Like the Roth IRA? Beware the 5-Year Rule

They say that good things come to those who wait. And when we’re talking about Roth IRAs, this is certainly true, since we don’t typically reap their benefits for years. Often referred to as the “the Swiss Army knife” of retirement planning tools because of its flexibility and tax-free nature, many retirees and near-retirees are realizing how powerful the Roth can be. 

If you have money in your company’s 401k or in a traditional IRA, you may be considering converting these funds into a Roth IRA now while tax rates are historically low. The idea is that if you pay income tax on your retirement money now – especially when many account balances are significantly down – future gains in the Roth are tax free. But you need to understand the 5-year Rule.

I had this conversation recently with one of my neighbors, I’ll call him “Hank”. Hank and I ran into each other at Mary Ellen’s Portuguese Bakery and sat down for a few minutes to catch up over a cup of coffee. Hank’s youngest daughter, Becky, was recently engaged and thrilled to be planning her wedding to Josh, a recent college graduate from Boston University. Hank’s wife, Joann, had some grand plans for Becky and Josh’s special day as well. Hank was in sticker shock at how much it costs to plan even a medium-sized wedding. He was happy to help foot the bill for his youngest, but the timing wasn’t great.

You see, Hank had changed jobs about 18 months ago, and at the time he decided to roll his company 401(k) into a Roth IRA. When Becky got engaged, he assumed he would take a withdrawal from his Roth to cover the wedding. He knew that the purpose for this money was to eventually provide him and Joann with income in retirement but thought that he could tap into it in the meantime if necessary. 

The tax free features of a Roth IRA are mighty – but they come with some conditions, as Hank found out. Your contributions to a Roth can be withdrawn at any time, but you can’t touch the earnings unless the account’s been open for at least five years. So, if you’re rolling another retirement account into a Roth IRA in 2023, for example, you need to make sure you don’t need the earnings until at least 2028. And if the account for the rollover is your first Roth IRA account or you opened your first Roth less than five years ago, the earnings will be taxed when withdrawn. And the 5-year rule applies even if you’re older than age 59-1/2. You need to satisfy both requirements or you lose the tax break on your gains.

And for a conversion of an Individual Retirement Account into a Roth, there’s more. The 5-year rule on Roth conversions requires you to wait the full five years before withdrawing any converted balances — contributions or earnings — regardless of your age.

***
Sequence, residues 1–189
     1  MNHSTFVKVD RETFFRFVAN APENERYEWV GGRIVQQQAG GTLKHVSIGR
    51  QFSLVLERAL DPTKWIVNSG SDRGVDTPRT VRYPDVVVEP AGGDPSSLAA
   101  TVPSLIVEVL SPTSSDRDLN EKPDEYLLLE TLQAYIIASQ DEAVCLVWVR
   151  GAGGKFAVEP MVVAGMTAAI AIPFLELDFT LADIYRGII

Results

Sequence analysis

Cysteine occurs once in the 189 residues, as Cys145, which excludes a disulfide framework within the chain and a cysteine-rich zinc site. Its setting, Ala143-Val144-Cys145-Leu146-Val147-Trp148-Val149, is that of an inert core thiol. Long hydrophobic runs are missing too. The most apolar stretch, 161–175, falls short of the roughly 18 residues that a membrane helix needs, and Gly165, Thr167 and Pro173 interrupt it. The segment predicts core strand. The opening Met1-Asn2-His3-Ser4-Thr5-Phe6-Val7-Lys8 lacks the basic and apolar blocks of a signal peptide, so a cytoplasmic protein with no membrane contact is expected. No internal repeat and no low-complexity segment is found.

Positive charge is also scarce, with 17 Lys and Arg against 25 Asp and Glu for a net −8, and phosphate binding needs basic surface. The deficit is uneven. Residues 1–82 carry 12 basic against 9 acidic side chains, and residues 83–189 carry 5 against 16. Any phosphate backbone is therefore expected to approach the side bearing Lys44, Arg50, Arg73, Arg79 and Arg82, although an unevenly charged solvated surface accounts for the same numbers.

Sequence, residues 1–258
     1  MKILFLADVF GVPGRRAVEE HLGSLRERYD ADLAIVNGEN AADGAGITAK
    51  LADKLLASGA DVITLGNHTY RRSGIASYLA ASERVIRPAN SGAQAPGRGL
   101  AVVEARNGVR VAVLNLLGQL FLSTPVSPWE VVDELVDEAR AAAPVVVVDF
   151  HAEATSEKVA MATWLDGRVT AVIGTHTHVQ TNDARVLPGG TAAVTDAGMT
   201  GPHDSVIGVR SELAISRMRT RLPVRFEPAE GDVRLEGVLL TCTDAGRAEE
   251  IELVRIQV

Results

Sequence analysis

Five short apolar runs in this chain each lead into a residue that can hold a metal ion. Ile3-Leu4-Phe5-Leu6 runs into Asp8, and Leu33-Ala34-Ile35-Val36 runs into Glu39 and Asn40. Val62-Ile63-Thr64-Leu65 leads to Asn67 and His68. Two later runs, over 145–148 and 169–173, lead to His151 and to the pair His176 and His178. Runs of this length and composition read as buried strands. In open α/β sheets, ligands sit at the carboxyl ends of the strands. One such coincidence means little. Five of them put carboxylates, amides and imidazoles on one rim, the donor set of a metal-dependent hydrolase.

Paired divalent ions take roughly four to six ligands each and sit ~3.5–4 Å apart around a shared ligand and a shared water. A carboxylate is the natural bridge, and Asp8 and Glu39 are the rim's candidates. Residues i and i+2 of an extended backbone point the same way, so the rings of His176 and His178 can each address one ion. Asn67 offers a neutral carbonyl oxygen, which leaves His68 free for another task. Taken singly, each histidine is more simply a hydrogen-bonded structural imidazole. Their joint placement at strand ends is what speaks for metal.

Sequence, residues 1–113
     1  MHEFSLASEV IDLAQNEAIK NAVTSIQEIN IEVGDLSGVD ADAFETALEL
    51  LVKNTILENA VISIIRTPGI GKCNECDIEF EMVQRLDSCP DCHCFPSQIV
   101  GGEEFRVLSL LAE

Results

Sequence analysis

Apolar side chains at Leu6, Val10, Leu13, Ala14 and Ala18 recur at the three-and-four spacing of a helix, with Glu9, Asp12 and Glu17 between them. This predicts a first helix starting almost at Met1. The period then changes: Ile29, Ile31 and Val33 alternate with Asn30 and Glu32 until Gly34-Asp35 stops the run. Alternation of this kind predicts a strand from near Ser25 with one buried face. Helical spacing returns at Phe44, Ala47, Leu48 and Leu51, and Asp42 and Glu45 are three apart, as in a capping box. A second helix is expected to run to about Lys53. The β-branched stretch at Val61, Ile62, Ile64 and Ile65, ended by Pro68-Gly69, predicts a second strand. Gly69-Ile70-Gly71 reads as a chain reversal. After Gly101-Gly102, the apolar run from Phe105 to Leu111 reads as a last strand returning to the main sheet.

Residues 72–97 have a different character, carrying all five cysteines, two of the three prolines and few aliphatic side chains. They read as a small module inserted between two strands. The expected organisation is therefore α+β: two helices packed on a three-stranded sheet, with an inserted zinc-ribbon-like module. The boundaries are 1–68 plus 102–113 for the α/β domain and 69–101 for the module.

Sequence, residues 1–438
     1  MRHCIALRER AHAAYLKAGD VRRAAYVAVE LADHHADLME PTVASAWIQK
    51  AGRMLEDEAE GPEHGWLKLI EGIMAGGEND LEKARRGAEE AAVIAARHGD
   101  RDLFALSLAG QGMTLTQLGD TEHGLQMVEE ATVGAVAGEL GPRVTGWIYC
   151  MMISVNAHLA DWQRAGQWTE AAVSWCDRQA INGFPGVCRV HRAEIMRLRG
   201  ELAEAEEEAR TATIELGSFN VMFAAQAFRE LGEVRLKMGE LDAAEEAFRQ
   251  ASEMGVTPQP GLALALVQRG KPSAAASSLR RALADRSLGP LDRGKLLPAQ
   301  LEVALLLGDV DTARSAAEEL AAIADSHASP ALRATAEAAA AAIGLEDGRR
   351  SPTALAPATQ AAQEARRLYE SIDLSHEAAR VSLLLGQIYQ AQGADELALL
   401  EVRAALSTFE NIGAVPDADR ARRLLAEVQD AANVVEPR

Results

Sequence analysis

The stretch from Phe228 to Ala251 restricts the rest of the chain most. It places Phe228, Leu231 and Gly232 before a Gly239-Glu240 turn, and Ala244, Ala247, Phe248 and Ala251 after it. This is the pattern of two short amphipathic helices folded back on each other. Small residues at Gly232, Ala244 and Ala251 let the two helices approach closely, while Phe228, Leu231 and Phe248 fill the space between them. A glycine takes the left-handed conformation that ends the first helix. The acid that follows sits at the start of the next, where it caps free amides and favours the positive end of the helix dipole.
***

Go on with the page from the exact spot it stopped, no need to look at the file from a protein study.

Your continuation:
In Hank’s situation, he couldn’t withdraw any of his earnings because he was under age 59-1/2 and the account was less than 5 years old. The IRS will let you withdraw some funds without the 10% early withdrawal penalty for things like a first-time home purchase, for qualified higher education expenses, if you become disabled or pass away, or a few other reasons – but you will still owe income taxes on the earnings which negates the purpose of converting to a Roth in the first place. Unfortunately none of these situations applied to Hank.

This doesn’t mean that a Roth IRA conversion is not a valuable retirement strategy, however. Many savers choose a Roth rollover or conversion when they want to avoid the required minimum distribution rules (RMD) that kick in at age 73 – even on Roth 401(k) accounts. The Roth IRA is exempt from RMD requirements, which allows the money you would have been forced to withdraw to continue growing, untouched by taxes.

Unfortunately not everyone can open a Roth IRA because there are income limits that apply to contributions if your adjusted gross income (AGI) is more than $144,000 for a single filer or $214,000 for joint returns. However you may be able to get around the income limits by doing what’s referred to as a “back-door” Roth conversion. This entails rolling an existing traditional IRA into a Roth IRA, since traditional IRA accounts do not have income limits. You might want to do consider this soon, since some Congress members have been talking about closing the back-door loophole for a while now. 

Converting a traditional IRA to a Roth can be a savvy move for many, but you need to understand the commitment necessary to fully realize the benefits. My mom always told me that patience is a virtue – in life and in money, as is the case for a Roth IRA!

So as always – be vigilant and stay alert, because you deserve more!

Have a great week.

Jeff Cutter, CPA/PFS is President of Cutter Financial Group, LLC, an SEC Registered Investment Advisor with offices in Falmouth, Duxbury, and Mansfield, MA. Insurance offered through its affiliate, CutterInsure, Inc.

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